Q&A With A Wild Cub

Wild Cub’s Keegan DeWitt spent half an hour chatting with Pollstar about a range of topics, from Miles Davis’ use of silence to how becoming a dad has helped the frontman balance his time with the band and composing film scores.  

Formed in Nashville, Wild Cub self-released its debut, Youth, in 2012 after recording the album in multi-instrumentalist Jeremy Bullock’s home. The deluxe version of the LP was re-released in January via Mom+Pop Music.      

Although some reviews point to the indie rock band’s ‘80s synth pop influences, DeWitt explains that while he loves a “vast amount of music,” it’s poetry, film and photography that’s inspired him to tell stories through Wild Cub tunes.

When he’s not giving everything he’s got on stage – thanks to a combination of vocals, guitar and percussion – DeWitt stays busy with his film composing career. Recent credits include “Land Ho!” and “Listen Up Philip,” which were featured at 2014’s Sundance Film Festival. He also was involved with “Inocente,” which received the 2013 Academy Award for Documentary Short Subject.   

Pollstar called DeWitt in between the band’s performance on “Conan” and an appearance at Hangout Beach, Music & Arts Festival.

Photo: Merrick Ales Photography

Wild Cub performed on “Conan” last night. How did that go?

It was great. I mean for us it’s nice to have it be the second time [on late night]. “Fallon” was certainly a little bit more stressful. (laughs) … It’s tough to get used to doing that type of scenario. The second time you kind of get how it goes and you can relax a little bit more and enjoy the moment.

But overall it’s really cool for us because we recorded the album by ourselves in a house that we turned into a recording studio in Nashville. So anytime we’re in a situation like that I try to remind myself that when we first started doing this, the very real concern at that point was hoping people hear this music. Now to have the opportunity to go, “OK, we’re about to play in front of a million people” is pretty cool.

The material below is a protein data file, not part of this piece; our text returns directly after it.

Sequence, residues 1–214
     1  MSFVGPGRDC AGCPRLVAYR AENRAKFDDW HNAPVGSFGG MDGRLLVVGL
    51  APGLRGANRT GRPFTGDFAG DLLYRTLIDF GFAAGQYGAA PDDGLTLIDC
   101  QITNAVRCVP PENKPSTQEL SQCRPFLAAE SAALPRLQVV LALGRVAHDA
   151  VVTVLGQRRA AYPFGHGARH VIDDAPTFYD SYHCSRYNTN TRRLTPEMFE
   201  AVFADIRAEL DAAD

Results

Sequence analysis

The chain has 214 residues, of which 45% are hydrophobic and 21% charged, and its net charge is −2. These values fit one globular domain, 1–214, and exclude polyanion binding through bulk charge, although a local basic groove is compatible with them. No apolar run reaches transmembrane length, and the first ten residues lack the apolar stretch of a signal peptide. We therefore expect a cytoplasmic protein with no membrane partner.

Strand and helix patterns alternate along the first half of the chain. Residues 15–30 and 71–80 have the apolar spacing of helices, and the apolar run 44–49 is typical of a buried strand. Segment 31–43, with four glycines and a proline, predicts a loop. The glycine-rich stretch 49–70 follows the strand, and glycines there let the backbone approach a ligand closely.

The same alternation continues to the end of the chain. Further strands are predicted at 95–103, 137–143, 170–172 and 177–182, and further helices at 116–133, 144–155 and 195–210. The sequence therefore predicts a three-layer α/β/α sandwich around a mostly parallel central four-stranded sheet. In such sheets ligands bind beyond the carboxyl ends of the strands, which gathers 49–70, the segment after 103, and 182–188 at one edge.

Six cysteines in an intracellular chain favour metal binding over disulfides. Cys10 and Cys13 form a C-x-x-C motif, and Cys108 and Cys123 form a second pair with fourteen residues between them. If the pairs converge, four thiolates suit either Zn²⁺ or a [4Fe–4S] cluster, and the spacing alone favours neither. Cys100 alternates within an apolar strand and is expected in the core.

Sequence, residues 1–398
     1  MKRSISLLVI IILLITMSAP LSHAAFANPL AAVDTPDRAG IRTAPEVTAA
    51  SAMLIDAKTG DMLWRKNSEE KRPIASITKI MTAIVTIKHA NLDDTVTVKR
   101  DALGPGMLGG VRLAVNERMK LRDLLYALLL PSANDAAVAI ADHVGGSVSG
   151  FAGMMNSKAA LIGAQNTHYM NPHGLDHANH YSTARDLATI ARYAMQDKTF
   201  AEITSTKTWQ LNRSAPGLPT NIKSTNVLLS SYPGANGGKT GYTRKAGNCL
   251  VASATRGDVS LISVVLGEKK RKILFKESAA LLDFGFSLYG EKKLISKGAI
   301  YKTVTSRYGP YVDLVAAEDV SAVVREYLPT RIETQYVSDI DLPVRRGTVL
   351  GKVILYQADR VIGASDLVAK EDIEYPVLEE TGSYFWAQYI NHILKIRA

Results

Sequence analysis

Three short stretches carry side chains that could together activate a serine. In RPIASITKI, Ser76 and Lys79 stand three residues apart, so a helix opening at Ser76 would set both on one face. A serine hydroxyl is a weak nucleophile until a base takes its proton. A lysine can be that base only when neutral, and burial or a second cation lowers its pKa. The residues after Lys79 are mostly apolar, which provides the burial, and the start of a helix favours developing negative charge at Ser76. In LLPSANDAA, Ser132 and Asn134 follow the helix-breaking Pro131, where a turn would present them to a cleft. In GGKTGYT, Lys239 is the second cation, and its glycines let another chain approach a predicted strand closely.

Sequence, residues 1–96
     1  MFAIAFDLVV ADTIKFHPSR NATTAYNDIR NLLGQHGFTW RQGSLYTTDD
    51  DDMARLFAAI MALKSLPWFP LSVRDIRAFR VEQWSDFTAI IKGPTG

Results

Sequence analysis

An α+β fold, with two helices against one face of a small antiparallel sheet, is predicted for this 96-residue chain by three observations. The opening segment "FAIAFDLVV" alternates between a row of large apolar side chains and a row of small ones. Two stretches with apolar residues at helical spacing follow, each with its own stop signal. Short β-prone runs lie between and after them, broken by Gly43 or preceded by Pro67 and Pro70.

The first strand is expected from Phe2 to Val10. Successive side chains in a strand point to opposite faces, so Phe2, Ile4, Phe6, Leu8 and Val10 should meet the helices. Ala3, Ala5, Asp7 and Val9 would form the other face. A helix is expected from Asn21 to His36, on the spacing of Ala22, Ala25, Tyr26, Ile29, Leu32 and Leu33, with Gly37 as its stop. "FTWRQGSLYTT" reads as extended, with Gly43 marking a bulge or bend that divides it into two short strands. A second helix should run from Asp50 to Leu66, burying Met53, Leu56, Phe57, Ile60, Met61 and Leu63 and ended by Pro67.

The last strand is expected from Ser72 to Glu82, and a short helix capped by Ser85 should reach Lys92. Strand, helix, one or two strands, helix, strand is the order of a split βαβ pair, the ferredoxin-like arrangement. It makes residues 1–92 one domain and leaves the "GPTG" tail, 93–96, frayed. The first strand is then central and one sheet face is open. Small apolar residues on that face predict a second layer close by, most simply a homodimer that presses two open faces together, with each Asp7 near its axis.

You guys performed your single “Thunder Clatter,” which is a great song by the way, and I noticed you were playing a bit of percussion, in addition to vocals and guitar. That’s pretty impressive.

I mean, honestly, all the drumming and everything is something that we developed over the past year. We recorded the record and then the band kind of came into existence. … We took it from there and started going out into the world and figuring out what Wild Cub even was as a band.

You’re just touring non-stop and every single night you’re pulling into a different town and … there’re always so many different variables. So we tried to build the show in a way where we just have something very physical to do throughout the show. … No matter if there’re two people in the room or if there’re 2,500, we’re doing the same amount of work. It keeps you in check and at least for me – having the drums, and when Eric, Dabney and I are all drumming at the same time – it just makes it so the stakes are always there for you. … I always want people to know from the very beginning that we’re there to work and earn their attention. We realize that people are taking time out of their lives to listen to our music and choose us amongst a large group of people.